Daugh­ter has some prac­ti­cal ad­vice for self-ab­sorbed mom

The China Post - - TV & COMICS -

AN­NIE: My 85-year-old mother seems to be a lov­ing, gen­er­ous per­son. But I know her to be ex­tremely self-cen­tered. For ex­am­ple, I don’t dare men­tion that I might be sick or have a prob­lem, be­cause she will re­ply with a long list of her own com­plaints. Ev­ery­thing she says, ev­ery story she tells, is turned around to make her look won­der­ful and im­por­tant.

We re­cently had a fam­ily gath­er­ing, and I made a toast to my sis­ters-in-law and our chil­dren be­cause they all had made im­por­tant ad­vance­ments in their ca­reers and ed­u­ca­tion. Be­fore the toast was over, my mom piped up and said, “What about me?” and pro­ceeded to ram­ble on about her­self.

I am writ­ing not to get ad­vice, but rather to give it. I don’t care how old you are; don’t hog the spot­light. Lis­ten to your chil­dren and grand­chil­dren and be in­ter­ested in their lives. Be­cause of my mother’s nar­cis­sism, I have learned to be hum­ble. Be­cause of my mother’s self-cen­tered at­ti­tude, I have learned to be sen­si­tive to oth­ers. Be­cause of my mother’s con­stant com­plain­ing, I have learned not to talk about my own aches and pains. I am sure that when she is gone, I will miss her. But the best thing she ever did for me was to teach me to be a bet­ter mother and grand­mother by set­ting such a bad ex­am­ple.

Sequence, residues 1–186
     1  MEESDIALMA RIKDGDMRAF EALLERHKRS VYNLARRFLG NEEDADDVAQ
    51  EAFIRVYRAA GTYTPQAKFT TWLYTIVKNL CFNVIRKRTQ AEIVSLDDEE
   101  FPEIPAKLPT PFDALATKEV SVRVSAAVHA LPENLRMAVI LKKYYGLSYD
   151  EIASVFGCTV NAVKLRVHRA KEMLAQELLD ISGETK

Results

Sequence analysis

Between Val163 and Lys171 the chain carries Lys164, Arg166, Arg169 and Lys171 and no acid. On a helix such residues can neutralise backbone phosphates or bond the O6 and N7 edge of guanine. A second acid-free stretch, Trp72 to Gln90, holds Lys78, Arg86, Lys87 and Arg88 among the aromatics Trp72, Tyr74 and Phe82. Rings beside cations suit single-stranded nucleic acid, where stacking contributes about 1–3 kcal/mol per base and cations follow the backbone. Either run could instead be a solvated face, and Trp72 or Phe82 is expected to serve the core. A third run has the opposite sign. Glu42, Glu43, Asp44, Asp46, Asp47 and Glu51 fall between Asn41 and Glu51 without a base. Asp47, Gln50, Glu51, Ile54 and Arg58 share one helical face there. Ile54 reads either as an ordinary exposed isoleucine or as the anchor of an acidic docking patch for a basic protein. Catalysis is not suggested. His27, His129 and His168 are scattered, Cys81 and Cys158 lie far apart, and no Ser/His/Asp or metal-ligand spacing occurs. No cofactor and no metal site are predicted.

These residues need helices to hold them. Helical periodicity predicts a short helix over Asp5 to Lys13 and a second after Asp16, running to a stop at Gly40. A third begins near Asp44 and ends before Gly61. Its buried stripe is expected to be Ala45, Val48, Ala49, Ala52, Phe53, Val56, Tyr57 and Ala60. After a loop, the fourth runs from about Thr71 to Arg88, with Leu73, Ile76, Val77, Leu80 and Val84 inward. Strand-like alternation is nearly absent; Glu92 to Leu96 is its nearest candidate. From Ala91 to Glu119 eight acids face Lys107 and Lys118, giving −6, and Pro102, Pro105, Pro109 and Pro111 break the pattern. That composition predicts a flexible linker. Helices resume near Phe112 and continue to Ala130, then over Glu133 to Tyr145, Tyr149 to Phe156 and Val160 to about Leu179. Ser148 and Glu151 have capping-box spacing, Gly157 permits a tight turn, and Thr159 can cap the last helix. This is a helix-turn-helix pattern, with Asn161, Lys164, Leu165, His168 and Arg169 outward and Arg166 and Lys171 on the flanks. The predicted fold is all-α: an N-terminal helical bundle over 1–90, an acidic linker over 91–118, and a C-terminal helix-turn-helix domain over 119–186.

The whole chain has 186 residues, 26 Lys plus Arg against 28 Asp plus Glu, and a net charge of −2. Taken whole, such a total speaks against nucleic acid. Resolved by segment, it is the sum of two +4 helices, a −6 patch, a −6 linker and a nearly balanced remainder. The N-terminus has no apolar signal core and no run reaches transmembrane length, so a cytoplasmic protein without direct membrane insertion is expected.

— The Good Daugh­ter

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